CAC Presentation #4 Tina Walls
Publication Date: 1994-12-09
This lengthy memo is the draft of a presentation by Tina Walls and others from Philip Morris (PM). The main topic of the memo is how various types of unfavorable legislation (e.g., tax increases, clean indoor air laws) have been, or can be, defeated by PM. The memo states that one of PM's most important goals "is to see some form of accommodation/preemption legislation passed in all 50 states."
The need to preempt effective clean indoor air laws is summed up by Walls, "The immediate implications for our business are clear: if our consumers have fewer opportunities to enjoy our products, they will use them less frequently and the result will be an adverse impact on our bottom line. Even more important, accommodation/preemption laws shape the real-world environment in which our customers and their non-smoking friends and associates live every day. If smokers are banished to doorways and loading docks in front of buildings, it makes smokers feel like outcasts and gives encouragement to the antis. On the other hand, if we live in a society that accommodates smokers and non-smokers alike, it sends the message that smoking is a viable life-style choice and an adult's decision to use a legal product should be respected."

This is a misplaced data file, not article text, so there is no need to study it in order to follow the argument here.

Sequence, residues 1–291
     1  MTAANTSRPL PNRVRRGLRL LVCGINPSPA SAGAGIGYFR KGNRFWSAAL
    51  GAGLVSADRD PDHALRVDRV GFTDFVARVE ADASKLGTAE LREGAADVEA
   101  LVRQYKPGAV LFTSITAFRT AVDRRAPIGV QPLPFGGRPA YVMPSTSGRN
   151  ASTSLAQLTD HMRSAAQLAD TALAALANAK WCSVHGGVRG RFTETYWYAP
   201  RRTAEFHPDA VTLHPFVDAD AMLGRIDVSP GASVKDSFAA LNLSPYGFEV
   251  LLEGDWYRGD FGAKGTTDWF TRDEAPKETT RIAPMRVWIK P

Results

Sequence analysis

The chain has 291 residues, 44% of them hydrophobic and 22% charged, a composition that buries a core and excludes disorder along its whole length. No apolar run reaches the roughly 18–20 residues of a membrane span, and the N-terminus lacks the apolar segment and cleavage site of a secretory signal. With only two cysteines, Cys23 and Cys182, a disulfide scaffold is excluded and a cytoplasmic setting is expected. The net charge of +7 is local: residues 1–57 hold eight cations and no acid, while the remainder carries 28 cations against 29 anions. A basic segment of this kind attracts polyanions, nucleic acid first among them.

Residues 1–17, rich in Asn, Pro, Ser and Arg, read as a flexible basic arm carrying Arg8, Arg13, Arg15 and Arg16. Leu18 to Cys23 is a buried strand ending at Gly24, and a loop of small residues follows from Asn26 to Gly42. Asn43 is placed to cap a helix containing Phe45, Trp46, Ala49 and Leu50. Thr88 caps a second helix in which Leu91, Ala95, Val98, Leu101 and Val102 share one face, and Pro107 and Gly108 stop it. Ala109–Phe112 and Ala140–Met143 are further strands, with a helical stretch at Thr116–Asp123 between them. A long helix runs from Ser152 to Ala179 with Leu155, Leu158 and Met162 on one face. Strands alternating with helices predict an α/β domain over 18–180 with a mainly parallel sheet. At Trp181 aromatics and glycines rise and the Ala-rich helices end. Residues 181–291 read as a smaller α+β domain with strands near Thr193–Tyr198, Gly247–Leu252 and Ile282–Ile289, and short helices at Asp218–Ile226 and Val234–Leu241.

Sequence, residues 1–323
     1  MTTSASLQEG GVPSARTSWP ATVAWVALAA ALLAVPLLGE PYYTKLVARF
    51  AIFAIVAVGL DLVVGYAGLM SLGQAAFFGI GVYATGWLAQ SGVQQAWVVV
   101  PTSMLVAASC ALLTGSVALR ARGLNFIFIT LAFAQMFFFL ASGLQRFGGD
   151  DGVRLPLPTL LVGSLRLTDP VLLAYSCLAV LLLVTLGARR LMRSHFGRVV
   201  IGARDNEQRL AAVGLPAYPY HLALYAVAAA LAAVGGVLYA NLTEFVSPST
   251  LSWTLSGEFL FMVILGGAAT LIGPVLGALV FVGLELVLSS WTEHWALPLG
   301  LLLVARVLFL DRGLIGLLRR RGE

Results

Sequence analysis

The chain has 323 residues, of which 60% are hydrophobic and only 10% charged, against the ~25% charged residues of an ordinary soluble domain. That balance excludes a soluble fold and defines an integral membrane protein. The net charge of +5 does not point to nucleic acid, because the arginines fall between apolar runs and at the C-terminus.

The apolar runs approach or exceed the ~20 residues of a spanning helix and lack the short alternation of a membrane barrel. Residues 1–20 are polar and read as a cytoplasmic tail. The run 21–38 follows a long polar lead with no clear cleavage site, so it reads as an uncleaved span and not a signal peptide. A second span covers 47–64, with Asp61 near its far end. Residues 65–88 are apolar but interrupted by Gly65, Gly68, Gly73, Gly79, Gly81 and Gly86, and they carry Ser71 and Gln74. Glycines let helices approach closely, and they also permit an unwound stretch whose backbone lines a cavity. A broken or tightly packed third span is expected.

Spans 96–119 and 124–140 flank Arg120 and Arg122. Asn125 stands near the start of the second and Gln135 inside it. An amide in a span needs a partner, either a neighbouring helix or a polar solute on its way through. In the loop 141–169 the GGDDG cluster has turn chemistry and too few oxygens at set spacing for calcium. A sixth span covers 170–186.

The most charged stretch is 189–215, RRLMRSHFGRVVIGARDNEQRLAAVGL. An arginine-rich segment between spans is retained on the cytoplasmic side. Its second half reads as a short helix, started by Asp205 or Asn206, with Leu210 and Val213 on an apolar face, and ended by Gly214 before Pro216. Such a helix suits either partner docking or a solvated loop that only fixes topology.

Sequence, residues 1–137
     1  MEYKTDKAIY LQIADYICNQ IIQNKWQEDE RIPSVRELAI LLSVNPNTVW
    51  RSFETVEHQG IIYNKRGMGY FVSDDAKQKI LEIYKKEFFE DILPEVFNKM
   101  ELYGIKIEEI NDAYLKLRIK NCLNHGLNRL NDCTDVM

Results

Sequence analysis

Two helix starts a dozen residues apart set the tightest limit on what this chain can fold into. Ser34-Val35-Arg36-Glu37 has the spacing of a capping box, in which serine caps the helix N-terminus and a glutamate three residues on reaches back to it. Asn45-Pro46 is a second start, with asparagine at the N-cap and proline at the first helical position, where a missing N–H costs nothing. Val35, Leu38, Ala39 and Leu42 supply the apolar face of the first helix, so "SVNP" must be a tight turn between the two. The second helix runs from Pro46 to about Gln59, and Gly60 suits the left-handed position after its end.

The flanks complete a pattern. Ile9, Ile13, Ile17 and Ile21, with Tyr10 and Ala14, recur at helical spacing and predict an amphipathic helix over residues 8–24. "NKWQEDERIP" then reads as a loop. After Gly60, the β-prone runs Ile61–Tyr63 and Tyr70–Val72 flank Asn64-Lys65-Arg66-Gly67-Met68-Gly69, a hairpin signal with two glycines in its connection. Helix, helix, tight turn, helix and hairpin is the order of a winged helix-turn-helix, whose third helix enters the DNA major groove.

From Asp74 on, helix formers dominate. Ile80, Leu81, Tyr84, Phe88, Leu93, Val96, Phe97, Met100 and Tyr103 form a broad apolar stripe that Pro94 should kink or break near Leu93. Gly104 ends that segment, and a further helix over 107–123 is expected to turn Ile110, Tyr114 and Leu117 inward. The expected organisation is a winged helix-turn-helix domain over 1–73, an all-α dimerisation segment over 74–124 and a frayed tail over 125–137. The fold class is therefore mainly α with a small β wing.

Walls refers to the passage of clean indoor air ordinances by "antis" as "a 'PAC-man' strategy where they attempt to gobble up one community at a time." Walls acknowledges that this strategy is effective, but states that preemption stops this activity. Walls indicates that 19 states have preemption, but that in the others "we're going to have to fight like hell to get a preemption law we can live with." Walls and several other PM executives go on to describe various "innovative strategies" for passing preemption in various states. Walls and others indicate that passage of state preemption laws will support the other PM goals discussed in the memo, such as opposition to the proposed Occupational Safety and Health Administration (OSHA) workplace regulations, and countering the Environmental Protection Agency's (EPA) report on secondhand smoke.
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